Emotion dysregulation and re-regulation: predictors of relationship intimacy and distress
Abbott, Brian Vaughn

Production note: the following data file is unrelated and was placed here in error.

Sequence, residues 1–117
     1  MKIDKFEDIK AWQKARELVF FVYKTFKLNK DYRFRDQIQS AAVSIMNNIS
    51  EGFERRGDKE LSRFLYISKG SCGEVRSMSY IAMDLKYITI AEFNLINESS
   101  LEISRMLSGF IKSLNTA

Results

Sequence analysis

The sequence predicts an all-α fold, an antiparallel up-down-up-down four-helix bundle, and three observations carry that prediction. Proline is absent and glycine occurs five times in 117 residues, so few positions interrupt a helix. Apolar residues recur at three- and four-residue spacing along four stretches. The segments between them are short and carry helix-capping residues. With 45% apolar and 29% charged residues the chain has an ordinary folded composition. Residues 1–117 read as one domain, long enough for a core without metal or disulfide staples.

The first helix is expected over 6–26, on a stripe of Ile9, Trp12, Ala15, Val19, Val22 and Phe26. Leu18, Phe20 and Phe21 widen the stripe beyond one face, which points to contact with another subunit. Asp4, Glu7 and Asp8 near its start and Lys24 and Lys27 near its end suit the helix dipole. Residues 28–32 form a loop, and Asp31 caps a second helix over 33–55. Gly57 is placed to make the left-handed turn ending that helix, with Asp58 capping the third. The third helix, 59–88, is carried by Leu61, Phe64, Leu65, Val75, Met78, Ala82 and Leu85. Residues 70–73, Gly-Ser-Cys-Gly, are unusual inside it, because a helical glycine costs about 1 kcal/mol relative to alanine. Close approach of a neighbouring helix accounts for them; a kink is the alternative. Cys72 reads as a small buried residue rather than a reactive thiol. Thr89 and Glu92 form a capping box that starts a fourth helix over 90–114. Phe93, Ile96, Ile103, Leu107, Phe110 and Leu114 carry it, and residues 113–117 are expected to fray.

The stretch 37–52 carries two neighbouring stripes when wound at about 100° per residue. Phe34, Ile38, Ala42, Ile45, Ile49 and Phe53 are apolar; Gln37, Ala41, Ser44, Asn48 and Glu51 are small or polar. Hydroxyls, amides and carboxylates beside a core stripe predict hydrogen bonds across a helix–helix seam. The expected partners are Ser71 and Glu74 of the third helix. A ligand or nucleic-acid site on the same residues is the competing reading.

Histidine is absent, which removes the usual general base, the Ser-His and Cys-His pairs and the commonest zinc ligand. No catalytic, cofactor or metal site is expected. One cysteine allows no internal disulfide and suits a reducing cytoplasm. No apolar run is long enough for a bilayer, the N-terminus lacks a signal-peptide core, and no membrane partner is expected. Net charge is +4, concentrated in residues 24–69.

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Over the past 20 years, our understanding of emotional processes has grown rapidly. Within the study of emotion, a key area of interest has been how individuals succeed or fail in regulating emotional responses. Although still in its early development, researchers in this field have made progress in identifying the neurological, psychological, and social processes that underlie emotion regulation and dysregulation. Despite these advances, relatively few of these insights have been considered in light of the highly emotional terrain of couple distress. In the present study, one hundred and eight cohabiting couples rated themselves and their partner on key emotion regulation variables (e.g., the tendency to lose control of one??s emotions and the ability to restore emotional control and equilibrium). Analyses using the Actor- Partner Interdependence Model (APIM) showed strong links between these variables and individuals?? experience of intimacy and distress in their relationship. Results suggest that there are multiple avenues through which emotion regulation impacts a given individual??s relationship functioning; these include: (1) the individual??s self perceived capacity for emotion regulation, (2) their partner??s self-perceived capacity for emotion regulation, (3) the individual??s perception of their partner??s capacity for emotion regulation, and (4) the partner??s perception of the individual??s emotion regulation abilities.